Drying with compressed air could also cause the splitting of the feathers, or the strenth of your blow drier. I can't tell if you are splitting the feathers in this proceedure or not, but if the air column is too strong this also could be a possible culprit.
I would suggest that you test whatever product you are using to see if it is causing the splitting.
A note to Steve Steinbring in relation to his epogrip detergent that is being used by a number of taxidermists, and advocated by George and others. I have never tried it so cannot reccomend it, but congratualtions on the results of the conservation lab at the Smithsonian. Three people from the Museum attended the Annual Meeting of the Society for the Preservation of Natural History Specimens in San Francisco last week and heard a paper presented by the Conservation Testing Lab of the Smithsonian in Suitland, Maryland concerning your epogrip product. The abstract I saw said that the product imparted no known by-products to the natural history specimen when used, and that its concentration was ten times higher than normal proprietary products. Skip Skidmore was the only Taxidermist I saw on the roster of those attending the meeting. He may have talked with the presenter at length. Much less of the epogrip solvent would be needed to bring enough suds to clean the bird, assuming it is washed.
Good luck on trying to attain perfection in your birds. Always strive to improve.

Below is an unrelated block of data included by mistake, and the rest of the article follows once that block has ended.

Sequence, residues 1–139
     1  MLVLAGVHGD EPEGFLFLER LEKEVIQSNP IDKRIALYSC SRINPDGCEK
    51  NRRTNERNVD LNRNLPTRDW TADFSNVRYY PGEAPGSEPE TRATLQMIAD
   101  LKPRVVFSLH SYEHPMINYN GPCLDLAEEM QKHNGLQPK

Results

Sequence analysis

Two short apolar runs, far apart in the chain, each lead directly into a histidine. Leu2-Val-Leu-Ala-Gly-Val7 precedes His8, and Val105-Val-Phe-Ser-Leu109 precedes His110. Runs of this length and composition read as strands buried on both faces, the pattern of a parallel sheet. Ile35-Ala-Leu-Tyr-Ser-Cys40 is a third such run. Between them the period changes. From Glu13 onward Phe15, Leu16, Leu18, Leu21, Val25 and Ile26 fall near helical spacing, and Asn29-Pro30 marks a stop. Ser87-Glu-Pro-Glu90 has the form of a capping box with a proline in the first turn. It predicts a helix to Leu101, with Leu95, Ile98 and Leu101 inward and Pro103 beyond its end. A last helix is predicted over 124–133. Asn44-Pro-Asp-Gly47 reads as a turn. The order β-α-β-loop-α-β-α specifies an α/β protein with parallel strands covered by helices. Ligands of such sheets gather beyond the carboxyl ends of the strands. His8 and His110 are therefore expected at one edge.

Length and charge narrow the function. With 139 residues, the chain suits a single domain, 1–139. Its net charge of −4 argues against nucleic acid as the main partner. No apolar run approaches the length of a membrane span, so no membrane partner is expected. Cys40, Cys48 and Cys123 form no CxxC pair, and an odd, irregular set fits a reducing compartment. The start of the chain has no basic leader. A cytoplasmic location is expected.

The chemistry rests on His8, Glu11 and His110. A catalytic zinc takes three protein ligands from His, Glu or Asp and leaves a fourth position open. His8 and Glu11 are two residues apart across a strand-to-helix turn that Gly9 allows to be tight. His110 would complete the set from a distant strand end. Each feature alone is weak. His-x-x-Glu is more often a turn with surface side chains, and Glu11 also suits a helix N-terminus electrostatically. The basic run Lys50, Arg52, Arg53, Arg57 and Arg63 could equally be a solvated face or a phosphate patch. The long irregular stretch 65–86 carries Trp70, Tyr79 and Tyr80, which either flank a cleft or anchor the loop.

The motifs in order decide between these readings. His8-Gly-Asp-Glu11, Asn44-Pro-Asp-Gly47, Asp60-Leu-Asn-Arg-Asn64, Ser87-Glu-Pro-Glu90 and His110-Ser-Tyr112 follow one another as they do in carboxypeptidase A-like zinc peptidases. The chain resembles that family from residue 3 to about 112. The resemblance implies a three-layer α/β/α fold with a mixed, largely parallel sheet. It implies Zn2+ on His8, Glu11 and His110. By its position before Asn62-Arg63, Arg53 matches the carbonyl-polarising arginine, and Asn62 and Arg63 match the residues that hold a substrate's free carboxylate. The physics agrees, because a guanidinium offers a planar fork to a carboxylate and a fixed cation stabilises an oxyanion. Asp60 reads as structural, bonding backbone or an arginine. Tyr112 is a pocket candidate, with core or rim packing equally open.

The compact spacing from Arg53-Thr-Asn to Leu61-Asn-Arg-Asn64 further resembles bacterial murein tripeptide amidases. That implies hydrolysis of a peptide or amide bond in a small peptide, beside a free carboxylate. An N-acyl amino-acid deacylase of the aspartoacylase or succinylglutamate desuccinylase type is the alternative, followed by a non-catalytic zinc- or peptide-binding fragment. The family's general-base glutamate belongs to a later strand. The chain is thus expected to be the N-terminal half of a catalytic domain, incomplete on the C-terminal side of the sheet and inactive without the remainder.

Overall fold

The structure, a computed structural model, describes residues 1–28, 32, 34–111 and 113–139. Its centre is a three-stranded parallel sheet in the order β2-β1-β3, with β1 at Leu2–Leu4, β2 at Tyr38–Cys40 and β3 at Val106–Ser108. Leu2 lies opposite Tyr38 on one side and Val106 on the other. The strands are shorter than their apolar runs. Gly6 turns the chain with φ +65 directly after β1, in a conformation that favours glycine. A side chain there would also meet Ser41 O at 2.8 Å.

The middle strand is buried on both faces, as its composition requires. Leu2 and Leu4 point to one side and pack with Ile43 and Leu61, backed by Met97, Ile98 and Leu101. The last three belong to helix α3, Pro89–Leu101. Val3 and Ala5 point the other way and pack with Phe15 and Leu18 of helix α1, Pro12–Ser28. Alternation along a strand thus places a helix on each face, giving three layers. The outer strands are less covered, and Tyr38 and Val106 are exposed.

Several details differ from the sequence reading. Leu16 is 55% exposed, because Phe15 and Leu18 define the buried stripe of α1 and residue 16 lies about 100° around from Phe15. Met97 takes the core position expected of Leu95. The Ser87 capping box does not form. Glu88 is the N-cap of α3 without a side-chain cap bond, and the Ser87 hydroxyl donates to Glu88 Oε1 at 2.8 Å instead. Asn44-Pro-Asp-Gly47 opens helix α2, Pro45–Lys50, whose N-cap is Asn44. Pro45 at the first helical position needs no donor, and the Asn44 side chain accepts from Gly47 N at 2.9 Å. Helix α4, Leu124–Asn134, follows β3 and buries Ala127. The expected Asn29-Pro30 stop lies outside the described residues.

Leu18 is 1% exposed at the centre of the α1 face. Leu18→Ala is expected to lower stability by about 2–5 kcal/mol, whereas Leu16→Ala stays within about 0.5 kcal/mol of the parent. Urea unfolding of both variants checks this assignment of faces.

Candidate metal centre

There is one more possibility that Steve may have left out of the previous thread. That is how you are cleaning and preparing the underside of the wing? Are you cleaning the radius and ulna properly and thouroughly? Do you insure that all tissue is removed from that area, and that you are careful not to damage the covert feathers in the process? I would suggest dusting that area thouroughly with borax, prior to washing the skin.
I have never "soaked" a bird skin in detergent. I use Dawn, and not any detergent with lanolin or other "lotions" like those in some other leading brands. The dawn solution need not be highly concentrated to remove the oils and dissolved fat in the feathers and on the skin. Wash the skin in dawn gently, but thoroughly, then rinse several times in clean water and then wash a second time. Do not soak the skin. After the second rinse, I toss my skins into the washing machine and run the spin dry cycle. That takes all excess moisture out of the skin and causes no harm to the feathers.
Lose the air compressor. Dry gently with the hair dryer, AFTER the skin is on the form and the wires in place and incisions sewn shut. Dry the bird with short strokes of the dryer, and do not concentrate on any one area. Use a pair of needles stuck into a dowel or a tri needle arrangement to preen the feathers gently into position. Use your fingers only to arrange groups of feathers and the primary and secondary flight feathers and the tail fan. Keep the hair dryer set on low. Do the underside of the wing last, since water will drain down from above as you work, and that area will remain damp. (Unless you are working the bird upside down.) When you dry the underside of the wing, use the needles paralell with the wing bones, lifting the coverts in tiers and layering them as they lie on a living bird.
Everything Stephen told you about process is fact, or as I understand it to be fact. The only reason I added to his fine post, is that he approached the problem as though all else had been done the way he would have during preparation.